The Solution to Chronic Homelessness? Try Homes.
When people end up on the street and stay there, it’s usually not just because they can’t afford the rent. A whole host of things have come apart in their lives.
Putting a life back together is hard, especially without a roof and a bed. The longtime practice of getting tough with people who are down-and-out — through anti-loitering ordinances and crackdowns on petty offenses like public drunkenness — satisfies a public hunger for enforcing personal responsibility. But some people cannot be punished into self-sufficiency. For them, the cycle of chronic homelessness – shuttling between jail, emergency room, hospital, shelter and street — can be all but impossible to break.
This is why more policy makers have embraced the idea of supportive housing, also called “housing first,” which admits chronically homeless people into subsidized housing and gets them social services and treatment for health problems and addictions. This approach is more effective, more compassionate and far cheaper than withholding services and shelter while you wait for troubled people to get their acts together.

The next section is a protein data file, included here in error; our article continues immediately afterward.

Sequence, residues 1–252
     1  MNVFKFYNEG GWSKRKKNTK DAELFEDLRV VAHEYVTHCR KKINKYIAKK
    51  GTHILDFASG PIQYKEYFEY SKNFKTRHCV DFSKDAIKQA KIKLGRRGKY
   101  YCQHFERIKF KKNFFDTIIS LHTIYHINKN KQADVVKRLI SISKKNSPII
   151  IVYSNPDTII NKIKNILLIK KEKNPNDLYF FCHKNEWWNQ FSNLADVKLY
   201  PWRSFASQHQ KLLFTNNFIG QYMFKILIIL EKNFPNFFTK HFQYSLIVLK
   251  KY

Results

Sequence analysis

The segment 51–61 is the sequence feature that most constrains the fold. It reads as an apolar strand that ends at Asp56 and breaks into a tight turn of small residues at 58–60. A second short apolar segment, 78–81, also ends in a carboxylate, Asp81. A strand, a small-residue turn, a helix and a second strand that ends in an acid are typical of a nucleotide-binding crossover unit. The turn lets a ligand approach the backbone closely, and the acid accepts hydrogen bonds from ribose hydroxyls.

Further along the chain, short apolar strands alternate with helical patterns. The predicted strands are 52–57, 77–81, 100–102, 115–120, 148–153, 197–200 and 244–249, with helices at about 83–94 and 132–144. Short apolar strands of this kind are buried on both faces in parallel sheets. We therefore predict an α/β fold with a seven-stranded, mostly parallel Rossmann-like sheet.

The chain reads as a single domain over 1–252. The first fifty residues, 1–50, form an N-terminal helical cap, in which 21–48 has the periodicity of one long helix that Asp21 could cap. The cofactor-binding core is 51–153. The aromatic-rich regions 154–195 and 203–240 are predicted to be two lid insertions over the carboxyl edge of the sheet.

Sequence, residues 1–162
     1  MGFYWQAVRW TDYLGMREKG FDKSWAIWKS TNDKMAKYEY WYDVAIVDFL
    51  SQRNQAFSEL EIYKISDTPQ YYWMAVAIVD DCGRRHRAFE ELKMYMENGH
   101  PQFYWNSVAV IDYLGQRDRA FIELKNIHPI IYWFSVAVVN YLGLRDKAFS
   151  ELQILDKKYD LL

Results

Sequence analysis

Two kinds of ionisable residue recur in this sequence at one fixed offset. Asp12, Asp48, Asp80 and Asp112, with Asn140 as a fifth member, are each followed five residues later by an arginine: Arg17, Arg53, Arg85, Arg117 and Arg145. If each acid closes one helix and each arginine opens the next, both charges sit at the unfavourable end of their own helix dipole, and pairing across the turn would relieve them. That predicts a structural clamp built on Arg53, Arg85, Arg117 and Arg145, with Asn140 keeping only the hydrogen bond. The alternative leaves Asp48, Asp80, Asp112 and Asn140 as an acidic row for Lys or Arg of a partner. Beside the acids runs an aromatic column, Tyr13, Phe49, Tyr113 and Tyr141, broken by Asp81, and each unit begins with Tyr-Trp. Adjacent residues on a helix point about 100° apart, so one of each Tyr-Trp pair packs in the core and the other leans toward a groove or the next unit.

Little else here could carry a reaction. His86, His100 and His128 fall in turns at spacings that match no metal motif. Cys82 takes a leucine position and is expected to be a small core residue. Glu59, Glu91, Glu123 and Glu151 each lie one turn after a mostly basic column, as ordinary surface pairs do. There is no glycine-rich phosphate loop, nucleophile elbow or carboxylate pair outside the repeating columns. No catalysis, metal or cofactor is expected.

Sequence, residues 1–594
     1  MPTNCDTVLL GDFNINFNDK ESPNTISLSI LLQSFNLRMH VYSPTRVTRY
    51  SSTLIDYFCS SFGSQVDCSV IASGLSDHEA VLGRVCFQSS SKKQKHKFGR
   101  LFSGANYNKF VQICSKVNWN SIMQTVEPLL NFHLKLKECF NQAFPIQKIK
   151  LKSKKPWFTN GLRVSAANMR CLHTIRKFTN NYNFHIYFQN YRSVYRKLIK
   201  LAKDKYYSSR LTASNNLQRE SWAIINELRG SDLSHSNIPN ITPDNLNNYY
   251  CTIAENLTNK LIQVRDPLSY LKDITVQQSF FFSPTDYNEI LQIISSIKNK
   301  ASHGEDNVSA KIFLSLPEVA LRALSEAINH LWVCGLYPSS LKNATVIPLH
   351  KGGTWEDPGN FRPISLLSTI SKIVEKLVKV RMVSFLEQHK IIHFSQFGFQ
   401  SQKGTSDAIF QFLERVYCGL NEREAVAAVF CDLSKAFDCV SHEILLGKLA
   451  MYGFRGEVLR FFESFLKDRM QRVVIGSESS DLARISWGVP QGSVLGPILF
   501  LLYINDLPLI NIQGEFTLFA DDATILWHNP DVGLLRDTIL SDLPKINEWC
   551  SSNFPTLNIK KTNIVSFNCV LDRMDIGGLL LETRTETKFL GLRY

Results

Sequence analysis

It’s working across the country, in places like Jacksonville, Fla., and Nashville. It’s working with veterans. A 102-unit supportive-housing complex in the Skid Row section of Los Angeles opened on Wednesday. It includes a health clinic and the headquarters of the Housing for Health division of the county’s Department of Health Services. The complex, called Star Apartments, is beautiful in an artsy-architectural way – its crazily stacked pre-fab units are not what we are used to seeing when the government tackles poverty. But you could also call it beautiful for what it is trying to do.